Owners of a Washington County farm have a filed a lawsuit against the county after officials alleged they violated building and zoning regulations.

According to a lawsuit filed July 23 in Washington County District Court, Anthony and Mariel Barreras, owners of the Barreras Family Farm, LLC, constructed an accessory building on their property for farming purposes. The property is located at 11564 County Road P30, south of Blair.

On Jan. 10, the couple received a letter of noncompliance from the Washington County Planning Department stating the structure was built without the proper permits being obtained. The letter indicated a conditional use permit is required to build on a property without a residence.

The Barrerases contend building permits aren't required on “buildings utilized for agricultural purposes on a farmstead of 20 acres or more which produces $1,000 or more of farm products,” according to state statute.

Washington County officials also suspect the farm is operating in violation of the zoning regulations as not a permitted use.

According to its website, Barreras Family Farm raises poultry, cattle, hogs and goats and sells its products to both retail and wholesale customers in the Omaha and surrounding areas.

The farm also provides educational programs. The farm's Facebook page shows it has hosted classes on beekeeping, chickens and dairy goats as well as summer farm camps for children on the property.

The owners believe the use of the property and the construction of an accessory farm building are not violations of county zoning regulations and do not require any permits.

The Barrerases are seeking an injunction to have the county lift the noncompliance notice and damages and expenses relating to their livestock operation.

This is the latest lawsuit related to zoning violations to be filed against county.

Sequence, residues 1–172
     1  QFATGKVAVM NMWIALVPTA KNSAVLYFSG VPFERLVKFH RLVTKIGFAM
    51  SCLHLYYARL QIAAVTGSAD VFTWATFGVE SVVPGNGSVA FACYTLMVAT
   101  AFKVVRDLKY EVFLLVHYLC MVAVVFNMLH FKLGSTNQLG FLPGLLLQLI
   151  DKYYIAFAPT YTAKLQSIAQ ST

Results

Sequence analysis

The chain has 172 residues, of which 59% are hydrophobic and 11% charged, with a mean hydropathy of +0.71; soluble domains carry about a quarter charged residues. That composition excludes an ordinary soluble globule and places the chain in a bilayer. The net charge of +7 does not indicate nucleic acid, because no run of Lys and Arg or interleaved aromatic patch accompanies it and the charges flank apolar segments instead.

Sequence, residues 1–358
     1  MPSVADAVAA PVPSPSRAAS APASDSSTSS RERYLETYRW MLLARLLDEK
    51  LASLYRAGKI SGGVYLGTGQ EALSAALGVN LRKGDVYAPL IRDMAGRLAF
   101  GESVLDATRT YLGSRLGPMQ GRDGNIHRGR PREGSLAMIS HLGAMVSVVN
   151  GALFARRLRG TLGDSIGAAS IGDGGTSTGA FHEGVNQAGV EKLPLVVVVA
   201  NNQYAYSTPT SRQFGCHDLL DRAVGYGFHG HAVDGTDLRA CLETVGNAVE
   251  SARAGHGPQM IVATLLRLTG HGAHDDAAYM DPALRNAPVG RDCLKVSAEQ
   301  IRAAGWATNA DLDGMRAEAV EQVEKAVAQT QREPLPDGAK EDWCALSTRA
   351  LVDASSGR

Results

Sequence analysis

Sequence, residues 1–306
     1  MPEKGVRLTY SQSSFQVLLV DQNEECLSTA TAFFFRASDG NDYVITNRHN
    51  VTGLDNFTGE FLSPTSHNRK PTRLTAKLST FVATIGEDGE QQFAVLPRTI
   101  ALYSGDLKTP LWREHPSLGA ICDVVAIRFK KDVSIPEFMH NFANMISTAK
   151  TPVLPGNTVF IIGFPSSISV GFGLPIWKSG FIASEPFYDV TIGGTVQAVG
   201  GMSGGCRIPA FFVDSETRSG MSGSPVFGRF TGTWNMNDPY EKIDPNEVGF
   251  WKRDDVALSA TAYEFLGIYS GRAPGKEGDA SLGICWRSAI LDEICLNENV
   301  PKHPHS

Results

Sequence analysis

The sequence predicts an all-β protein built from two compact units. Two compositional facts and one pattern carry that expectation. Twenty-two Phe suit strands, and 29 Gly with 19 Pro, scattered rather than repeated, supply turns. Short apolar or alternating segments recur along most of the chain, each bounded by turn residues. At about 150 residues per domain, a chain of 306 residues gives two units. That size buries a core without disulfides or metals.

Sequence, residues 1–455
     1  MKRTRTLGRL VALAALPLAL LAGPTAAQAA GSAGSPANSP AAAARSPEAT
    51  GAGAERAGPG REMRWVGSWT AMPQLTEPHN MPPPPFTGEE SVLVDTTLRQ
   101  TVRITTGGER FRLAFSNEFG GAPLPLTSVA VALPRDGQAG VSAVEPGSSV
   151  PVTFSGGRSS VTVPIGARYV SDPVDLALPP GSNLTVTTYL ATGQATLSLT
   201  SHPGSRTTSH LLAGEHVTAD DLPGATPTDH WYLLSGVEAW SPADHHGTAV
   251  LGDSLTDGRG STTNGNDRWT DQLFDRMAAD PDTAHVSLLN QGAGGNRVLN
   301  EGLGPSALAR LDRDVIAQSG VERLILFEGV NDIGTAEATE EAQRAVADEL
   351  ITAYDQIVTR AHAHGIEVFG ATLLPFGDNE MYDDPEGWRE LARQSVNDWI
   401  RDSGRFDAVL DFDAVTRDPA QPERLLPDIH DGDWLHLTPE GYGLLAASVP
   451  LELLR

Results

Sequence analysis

Most recently, the county has been embroiled in a legal battle with Mick D. Goslin and his wife, Beth L. Hersh-Goslin, of Fort Calhoun. The couple, who lease property at 2797 Herbert Henry Lane, are accused of illegally operating a commercial business on land zoned for agricultural purposes.

According to the county, they have continually violated zoning ordinances and have been arrested several times.

The Goslins filed a lawsuit against County Attorney Scott Vander Schaaf and Sullivan in November. They later amended the suit to include the Washington County Board of Supervisors.

In June, the county board unanimously approved a resolution to ensure all residents and property owners are aware the county will retain its zoning and administer and enforce the basic zoning laws that have been adopted.

The resolution was presented by Sullivan during the board's June 11 meeting.

Vander Schaaf told the board he and Sullivan are trying to inform those who need a conditional use permit or variance to come to the board.

“The problem we're running into again is they don't believe they have to,” Vander Schaaf told the board. “When we bypass this room and we bypass the board the elected officials who are here to make sure that people are at least abiding by the rules or the spirit of the rules, that's a problem.”